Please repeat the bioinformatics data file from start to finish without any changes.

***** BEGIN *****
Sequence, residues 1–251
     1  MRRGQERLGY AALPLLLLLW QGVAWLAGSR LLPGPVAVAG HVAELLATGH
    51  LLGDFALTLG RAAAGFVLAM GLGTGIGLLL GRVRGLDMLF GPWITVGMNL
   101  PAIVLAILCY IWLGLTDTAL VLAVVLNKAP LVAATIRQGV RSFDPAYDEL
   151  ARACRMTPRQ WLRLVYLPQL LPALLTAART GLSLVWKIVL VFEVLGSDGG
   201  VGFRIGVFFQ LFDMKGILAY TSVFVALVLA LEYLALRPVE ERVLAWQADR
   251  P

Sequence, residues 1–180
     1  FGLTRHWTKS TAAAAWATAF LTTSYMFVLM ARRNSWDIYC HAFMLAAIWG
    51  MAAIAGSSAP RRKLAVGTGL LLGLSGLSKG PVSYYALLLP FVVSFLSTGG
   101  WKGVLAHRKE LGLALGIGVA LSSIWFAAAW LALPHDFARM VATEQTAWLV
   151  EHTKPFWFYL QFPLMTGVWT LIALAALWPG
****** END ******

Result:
Sequence, residues 1–251
     1  MRRGQERLGY AALPLLLLLW QGVAWLAGSR LLPGPVAVAG HVAELLATGH
    51  LLGDFALTLG RAAAGFVLAM GLGTGIGLLL GRVRGLDMLF GPWITVGMNL
   101  PAIVLAILCY IWLGLTDTAL VLAVVLNKAP LVAATIRQGV RSFDPAYDEL
   151  ARACRMTPRQ WLRLVYLPQL LPALLTAART GLSLVWKIVL VFEVLGSDGG
   201  VGFRIGVFFQ LFDMKGILAY TSVFVALVLA LEYLALRPVE ERVLAWQADR
   251  P

Sequence, residues 1–180
     1  FGLTRHWTKS TAAAAWATAF LTTSYMFVLM ARRNSWDIYC HAFMLAAIWG
    51  MAAIAGSSAP RRKLAVGTGL LLGLSGLSKG PVSYYALLLP FVVSFLSTGG
   101  WKGVLAHRKE LGLALGIGVA LSSIWFAAAW LALPHDFARM VATEQTAWLV
   151  EHTKPFWFYL QFPLMTGVWT LIALAALWPG